New tests ordered on lethal bacterium

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The Independent Online
PUBLIC health experts investigating an outbreak of a rare infection in Gloucestershire yesterday ordered new tests on samples taken from the five victims. They are trying to find out what has turned a normally harmless microbe into one that can kill within hours.

Scientists are alarmed by the virulence of the bacterium, haemolytic streptococcus Group A. They believe some strains have started producing lethal toxins that attack different body organs simultaneously and overpower the immune system.

A spokeswoman for the Central Public Health Laboratory Service, London, which is co-ordinating the investigations, said scientists at the laboratory had started detailed molecular tests.

Two people died in February and three others are recovering after surgery and skin grafts for disfiguring wounds in what is believed to be the first outbreak of infection with haemolytic streptococcus Group A. Dr Cliodna McNulty, a consultant microbiologist with Gloucestershire Health Authority, said yesterday that it was possible for the cases to have arisen by chance but 'it is amazingly rare'. A change in the bacterium's genetic material may have caused it to produce more damaging toxins.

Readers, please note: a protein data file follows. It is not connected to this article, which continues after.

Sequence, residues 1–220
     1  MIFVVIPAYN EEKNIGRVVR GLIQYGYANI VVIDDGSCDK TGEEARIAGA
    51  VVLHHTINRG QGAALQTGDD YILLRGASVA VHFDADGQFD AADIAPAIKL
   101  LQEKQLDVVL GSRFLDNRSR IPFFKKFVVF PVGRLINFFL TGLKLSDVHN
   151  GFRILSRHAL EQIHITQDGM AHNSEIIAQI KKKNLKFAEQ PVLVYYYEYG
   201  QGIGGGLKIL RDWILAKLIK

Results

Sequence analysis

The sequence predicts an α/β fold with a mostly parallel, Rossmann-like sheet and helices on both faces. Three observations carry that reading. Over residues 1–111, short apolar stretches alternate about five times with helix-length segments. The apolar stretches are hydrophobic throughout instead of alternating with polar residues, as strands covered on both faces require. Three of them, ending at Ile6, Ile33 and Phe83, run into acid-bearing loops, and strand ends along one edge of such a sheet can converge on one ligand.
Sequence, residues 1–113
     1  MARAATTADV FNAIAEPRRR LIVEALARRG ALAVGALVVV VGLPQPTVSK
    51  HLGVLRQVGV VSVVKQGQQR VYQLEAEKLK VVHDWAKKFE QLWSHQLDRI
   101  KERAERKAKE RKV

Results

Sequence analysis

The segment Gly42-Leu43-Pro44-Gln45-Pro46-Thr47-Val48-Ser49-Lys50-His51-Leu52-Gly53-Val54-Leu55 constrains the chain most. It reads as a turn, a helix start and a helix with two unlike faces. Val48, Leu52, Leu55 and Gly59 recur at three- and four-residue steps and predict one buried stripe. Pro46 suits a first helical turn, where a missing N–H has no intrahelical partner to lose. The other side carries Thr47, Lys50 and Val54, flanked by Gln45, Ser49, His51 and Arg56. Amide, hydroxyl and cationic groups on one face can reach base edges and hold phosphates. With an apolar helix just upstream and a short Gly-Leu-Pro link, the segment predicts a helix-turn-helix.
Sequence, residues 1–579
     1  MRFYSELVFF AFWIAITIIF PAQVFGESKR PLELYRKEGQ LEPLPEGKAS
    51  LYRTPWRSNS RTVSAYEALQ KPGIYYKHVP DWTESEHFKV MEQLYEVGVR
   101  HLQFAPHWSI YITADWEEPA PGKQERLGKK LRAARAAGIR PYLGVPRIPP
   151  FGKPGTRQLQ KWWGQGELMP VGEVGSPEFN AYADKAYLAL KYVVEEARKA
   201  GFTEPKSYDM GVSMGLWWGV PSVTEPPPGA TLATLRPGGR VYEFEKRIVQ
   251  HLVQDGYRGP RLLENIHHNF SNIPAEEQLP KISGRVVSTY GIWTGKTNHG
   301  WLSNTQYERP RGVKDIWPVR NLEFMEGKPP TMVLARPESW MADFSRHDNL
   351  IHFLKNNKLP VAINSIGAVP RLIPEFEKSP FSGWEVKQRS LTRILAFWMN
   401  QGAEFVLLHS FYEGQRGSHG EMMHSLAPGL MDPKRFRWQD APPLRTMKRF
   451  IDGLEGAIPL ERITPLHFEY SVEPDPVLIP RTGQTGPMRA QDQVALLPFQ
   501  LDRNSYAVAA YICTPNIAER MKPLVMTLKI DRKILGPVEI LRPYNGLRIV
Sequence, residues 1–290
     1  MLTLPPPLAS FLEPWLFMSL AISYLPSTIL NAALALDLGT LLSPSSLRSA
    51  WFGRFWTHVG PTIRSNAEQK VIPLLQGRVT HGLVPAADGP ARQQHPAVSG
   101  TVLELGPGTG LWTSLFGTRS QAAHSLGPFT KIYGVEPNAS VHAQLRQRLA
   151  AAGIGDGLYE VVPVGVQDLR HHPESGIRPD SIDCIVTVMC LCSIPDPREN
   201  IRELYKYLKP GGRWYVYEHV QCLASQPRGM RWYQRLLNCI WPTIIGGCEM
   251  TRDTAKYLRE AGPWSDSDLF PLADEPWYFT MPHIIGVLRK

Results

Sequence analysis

The bacterium is carried by 10 per cent of the population in the throat and nasal passages and is normally harmless. However, it can cause life-threatening infections if it reaches tissues beneath the skin, liquefying fat cells and causing gangrene. A cluster of cases is unprecedented.

Microbiologists are speculating that some strains of the bacterium have become infected with a virus, known as a bacteriophage, which has 'switched on' dormant genes which make it more virulent.